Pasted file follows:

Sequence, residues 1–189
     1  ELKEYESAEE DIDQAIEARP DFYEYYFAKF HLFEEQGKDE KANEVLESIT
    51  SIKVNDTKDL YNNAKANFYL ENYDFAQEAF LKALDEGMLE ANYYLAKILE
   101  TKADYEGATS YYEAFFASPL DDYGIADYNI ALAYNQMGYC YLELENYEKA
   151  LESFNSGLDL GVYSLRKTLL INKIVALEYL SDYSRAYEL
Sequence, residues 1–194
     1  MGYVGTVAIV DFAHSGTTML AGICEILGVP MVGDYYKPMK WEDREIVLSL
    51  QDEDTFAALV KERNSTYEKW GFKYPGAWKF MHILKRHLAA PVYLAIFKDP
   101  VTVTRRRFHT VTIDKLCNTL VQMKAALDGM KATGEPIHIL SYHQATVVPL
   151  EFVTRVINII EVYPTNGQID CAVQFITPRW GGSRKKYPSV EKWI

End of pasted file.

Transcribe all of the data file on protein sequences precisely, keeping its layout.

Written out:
Sequence, residues 1–189
     1  ELKEYESAEE DIDQAIEARP DFYEYYFAKF HLFEEQGKDE KANEVLESIT
    51  SIKVNDTKDL YNNAKANFYL ENYDFAQEAF LKALDEGMLE ANYYLAKILE
   101  TKADYEGATS YYEAFFASPL DDYGIADYNI ALAYNQMGYC YLELENYEKA
   151  LESFNSGLDL GVYSLRKTLL INKIVALEYL SDYSRAYEL
Sequence, residues 1–194
     1  MGYVGTVAIV DFAHSGTTML AGICEILGVP MVGDYYKPMK WEDREIVLSL
    51  QDEDTFAALV KERNSTYEKW GFKYPGAWKF MHILKRHLAA PVYLAIFKDP
   101  VTVTRRRFHT VTIDKLCNTL VQMKAALDGM KATGEPIHIL SYHQATVVPL
   151  EFVTRVINII EVYPTNGQID CAVQFITPRW GGSRKKYPSV EKWI